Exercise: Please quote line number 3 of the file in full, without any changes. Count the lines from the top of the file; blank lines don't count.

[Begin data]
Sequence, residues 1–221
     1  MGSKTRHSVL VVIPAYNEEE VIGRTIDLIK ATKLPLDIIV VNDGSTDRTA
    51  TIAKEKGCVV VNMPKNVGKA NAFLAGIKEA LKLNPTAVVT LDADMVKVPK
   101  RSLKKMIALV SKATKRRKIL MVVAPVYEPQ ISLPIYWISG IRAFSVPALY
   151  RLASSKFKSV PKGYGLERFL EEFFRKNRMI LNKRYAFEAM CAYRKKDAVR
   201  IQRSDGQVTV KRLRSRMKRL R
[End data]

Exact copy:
    51  TIAKEKGCVV VNMPKNVGKA NAFLAGIKEA LKLNPTAVVT LDADMVKVPK